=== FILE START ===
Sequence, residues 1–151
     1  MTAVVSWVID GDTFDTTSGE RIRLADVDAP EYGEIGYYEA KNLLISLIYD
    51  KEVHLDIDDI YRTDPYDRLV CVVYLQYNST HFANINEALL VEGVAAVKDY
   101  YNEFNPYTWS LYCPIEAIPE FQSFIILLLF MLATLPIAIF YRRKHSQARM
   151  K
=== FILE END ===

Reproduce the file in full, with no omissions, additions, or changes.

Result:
Sequence, residues 1–151
     1  MTAVVSWVID GDTFDTTSGE RIRLADVDAP EYGEIGYYEA KNLLISLIYD
    51  KEVHLDIDDI YRTDPYDRLV CVVYLQYNST HFANINEALL VEGVAAVKDY
   101  YNEFNPYTWS LYCPIEAIPE FQSFIILLLF MLATLPIAIF YRRKHSQARM
   151  K